Are you telling me I’m going to go through a complete gender change, okay, and go through everything you need to *do* that, for the show? Sorry Diane, it ain’t happening!

Caitlyn Jenner

In addition to this, Jenner revealed she accessed hormones and facial surgery in the 1980s – being trans is not something new to Jenner herself, putting such ignorant cynicism to rest immediately. Her transition was ceased in 1990, after meeting her later wife of 23 years, Kris Kardashian. And in terms of ‘why now?’, she states unequivocally how she couldn’t hide this any longer. Jenner also made the points that fears over hurting her children meant she lost her nerve with her first attempts with medical and social transition, and that she and Kris might’ve still been together (they divorced in December 2014) if she had been ‘able to deal with it better’.

Which brings us to another important point that Jenner clarifies – how her sexuality has nothing to do with her gender identity. That identifying as a woman does not mean that she is attracted to men. Sawyer slowly walks through the logic of this – ‘if you are assigned male… and you become female… but you like women… are you a lesbian? are you a heterosexual… who…?’ Brenner cuts her off brilliantly, saying ‘you’re going back to the sex thing and it’s apples and oranges!’.

Whilst not discussed, it raised the question – how does a person’s gender identity relate to the sexuality of their partner? The answer is that it doesn’t, because whilst sexuality labels are most often used to signpost who a person sleeps with, these *labels* are also about identity. For instance, not all men who have sex with men identify as gay, and this is very important to recognise, in terms of both respect, and when conducting studies on sexual health. As a further example, if a person assigned male at birth comes out to her wife as a transgender woman, this doesn’t retroactively ‘turn’ the wife into a lesbian (assuming she was straight in the first place, and not bisexual for example…!). Also if the wife is still attracted to her transgender partner, still in love with her, that doesn’t mean she’s attracted to other women. It is an example of a straight-identified cisgender woman in what could be viewed as a lesbian, or same sex relationship… even if neither person, given their histories, identifies as a lesbian. But as long as one grasps the initial point that sexuality and gender identity are independent, and that labels aren’t gospel and depend on the person and situation rather than being a ‘neutral’ expression of ‘fact’, the rest can be negotiated from there.

For brevity’s sake, I don’t want to focus on the reactions of Jenner’s family, or the story of Jenner’s youth and athletic successes. The negotiation of significant personal issues is never easy, and the horrific marginalisation and ‘joke’ status that transgender people can still be relegated to isn’t up for debate. Jenner’s wealth and celebrity privileges don’t negate that coming out was a very brave thing to do, and she also makes it clear that she wants to do some good and help people by being open about her transition. She makes the point that her foothold in the reality television world gives her a powerful tool with which to raise awareness, even if not becoming an expert activist overnight.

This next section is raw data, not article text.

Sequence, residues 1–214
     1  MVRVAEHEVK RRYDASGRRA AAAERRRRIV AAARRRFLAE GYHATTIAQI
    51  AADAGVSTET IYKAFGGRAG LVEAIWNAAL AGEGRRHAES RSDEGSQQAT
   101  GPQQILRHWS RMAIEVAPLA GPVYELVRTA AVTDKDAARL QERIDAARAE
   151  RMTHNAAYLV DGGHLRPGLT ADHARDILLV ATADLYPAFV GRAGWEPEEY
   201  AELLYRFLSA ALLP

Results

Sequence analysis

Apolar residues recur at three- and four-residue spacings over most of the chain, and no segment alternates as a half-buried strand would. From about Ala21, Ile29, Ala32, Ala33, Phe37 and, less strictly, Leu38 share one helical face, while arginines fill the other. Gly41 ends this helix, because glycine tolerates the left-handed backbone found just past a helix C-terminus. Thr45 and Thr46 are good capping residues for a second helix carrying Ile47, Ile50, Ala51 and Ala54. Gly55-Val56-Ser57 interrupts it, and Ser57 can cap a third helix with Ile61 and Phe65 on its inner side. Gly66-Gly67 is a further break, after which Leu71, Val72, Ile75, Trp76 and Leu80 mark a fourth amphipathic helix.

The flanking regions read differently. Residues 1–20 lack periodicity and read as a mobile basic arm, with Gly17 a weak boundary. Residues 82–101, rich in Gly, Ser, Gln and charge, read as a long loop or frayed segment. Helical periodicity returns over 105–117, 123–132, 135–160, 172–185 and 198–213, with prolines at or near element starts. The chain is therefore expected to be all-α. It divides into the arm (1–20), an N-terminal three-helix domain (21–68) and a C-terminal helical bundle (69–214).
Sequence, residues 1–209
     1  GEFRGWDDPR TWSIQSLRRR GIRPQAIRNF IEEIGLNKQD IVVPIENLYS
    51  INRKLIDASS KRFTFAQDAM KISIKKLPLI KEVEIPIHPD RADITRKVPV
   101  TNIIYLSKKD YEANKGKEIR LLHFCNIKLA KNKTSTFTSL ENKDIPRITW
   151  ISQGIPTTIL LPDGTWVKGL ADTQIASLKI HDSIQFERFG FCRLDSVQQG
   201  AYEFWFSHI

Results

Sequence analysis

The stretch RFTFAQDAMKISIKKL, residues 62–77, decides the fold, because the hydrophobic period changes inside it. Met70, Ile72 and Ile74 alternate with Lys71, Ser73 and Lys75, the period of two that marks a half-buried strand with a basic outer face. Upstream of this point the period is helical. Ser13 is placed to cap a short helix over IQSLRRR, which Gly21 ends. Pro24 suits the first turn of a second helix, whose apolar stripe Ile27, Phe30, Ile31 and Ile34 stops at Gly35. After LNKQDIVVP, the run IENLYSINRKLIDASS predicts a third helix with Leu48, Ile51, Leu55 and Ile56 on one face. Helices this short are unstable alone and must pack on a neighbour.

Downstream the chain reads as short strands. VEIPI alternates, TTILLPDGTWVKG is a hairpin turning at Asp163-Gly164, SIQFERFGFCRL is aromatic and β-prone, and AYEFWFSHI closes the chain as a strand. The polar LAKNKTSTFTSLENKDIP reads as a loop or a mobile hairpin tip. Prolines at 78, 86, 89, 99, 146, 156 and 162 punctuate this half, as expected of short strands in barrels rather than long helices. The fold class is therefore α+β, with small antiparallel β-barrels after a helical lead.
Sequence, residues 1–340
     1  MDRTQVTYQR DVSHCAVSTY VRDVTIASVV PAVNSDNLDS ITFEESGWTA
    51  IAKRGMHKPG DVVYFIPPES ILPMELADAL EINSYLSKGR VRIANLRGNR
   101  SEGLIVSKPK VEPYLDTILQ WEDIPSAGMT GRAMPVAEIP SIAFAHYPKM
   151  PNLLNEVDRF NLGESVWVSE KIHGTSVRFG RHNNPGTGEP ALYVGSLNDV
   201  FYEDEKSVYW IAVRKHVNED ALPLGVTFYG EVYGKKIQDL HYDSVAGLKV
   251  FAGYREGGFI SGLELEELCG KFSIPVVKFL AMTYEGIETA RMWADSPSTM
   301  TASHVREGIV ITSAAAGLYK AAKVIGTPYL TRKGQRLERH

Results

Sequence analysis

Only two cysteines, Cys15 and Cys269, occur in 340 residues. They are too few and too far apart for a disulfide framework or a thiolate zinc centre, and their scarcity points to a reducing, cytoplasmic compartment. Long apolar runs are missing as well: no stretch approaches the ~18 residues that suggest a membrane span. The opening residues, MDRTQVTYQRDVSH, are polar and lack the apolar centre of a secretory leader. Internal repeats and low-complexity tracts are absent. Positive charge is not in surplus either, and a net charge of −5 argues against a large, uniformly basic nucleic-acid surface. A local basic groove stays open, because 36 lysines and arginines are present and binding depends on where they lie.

The Twitter responses to the interview using the hashtag #BruceJennerABC have been overwhelmingly positive, though as S. Bear Bergman poignantly put it, “wondering who else should get 2 hrs on prime time TV?” whilst linking the list of unlawfully killed transgender people on Wikipedia, undoubtedly a list that under-represents. It was also pointed out by Kate Bornstein how the interview didn’t mention non-binary identities at all. Whilst not necessarily part of Jenner’s experience of gender, such a powerful opportunity for visibility and education could have benefited from greater breadth of reflection on the multi-facetedness of transgender lives. Jenner’s fame, wealth, and success position her as amongst the least vulnerable of transgender people, who collectively are still in dire need of protection, representation, access to services, and understanding. Let’s hope that Caitlyn Jenner inspires increased and better quality allyship.

The Power and Politics of Words: On ‘Shem*le’ and ‘Tr*nny’

Disclaimer: This is a big, complex issue. This post will never be able to do full justice to the topic, especially as I wish to remain accessible (which includes not writing a 20,000 word monster essay). I don’t intend to try and play an academic devil’s advocate, or create an argument where there isn’t one. The point of this post is NOT to ask ‘are these words okay?’ – large numbers of the trans community say no, and they deserve your respect. Nor is the point of this post to explain why they’re not okay – you can Google that though if you need to, as it’s important. Some members of the trans community reclaim the words as an act of empowerment, which I’ll come back to.

I had a really unusual experience of talking to a trans woman recently.  She referred to herself and all other trans women as ‘shem*les‘, and asked about the genitals of someone I know. For anyone in the know, you’ll know that when talking to trans people, both of these things are typically big red flags – offensive, insensitive behaviour. If she were cis I would have relied upon my educational privilege and assumed their ignorance, and called them out. It would’ve been an immediate moment of ‘ignorance alert! Need to set them straight in the name of challenging problematic behaviour!’. However, her transgender status changed the dynamic of the conversation, rendering me uncomfortable in putting on a teacher hat. Given that she’s trans, who am I to assume she doesn’t know the oppressive history of the word? Some transgender people (and other members of minority groups) reclaim words that have historically been used as insults, in order to empower themselves and challenge oppressive violence. Possibly the most famous word this has happened with is ‘queer’, which whilst still possible to wield aggressively, is used by many LGBTQ people to describe themselves. There’s even the academic field of Queer Theory. So because it would’ve been a very different (and problematic) thing for a cis(ish) guy to tell a trans woman how to use transgender-related language, instead I said ‘it’s interesting that you say X and Y, because I know many trans people who would have problems with this’.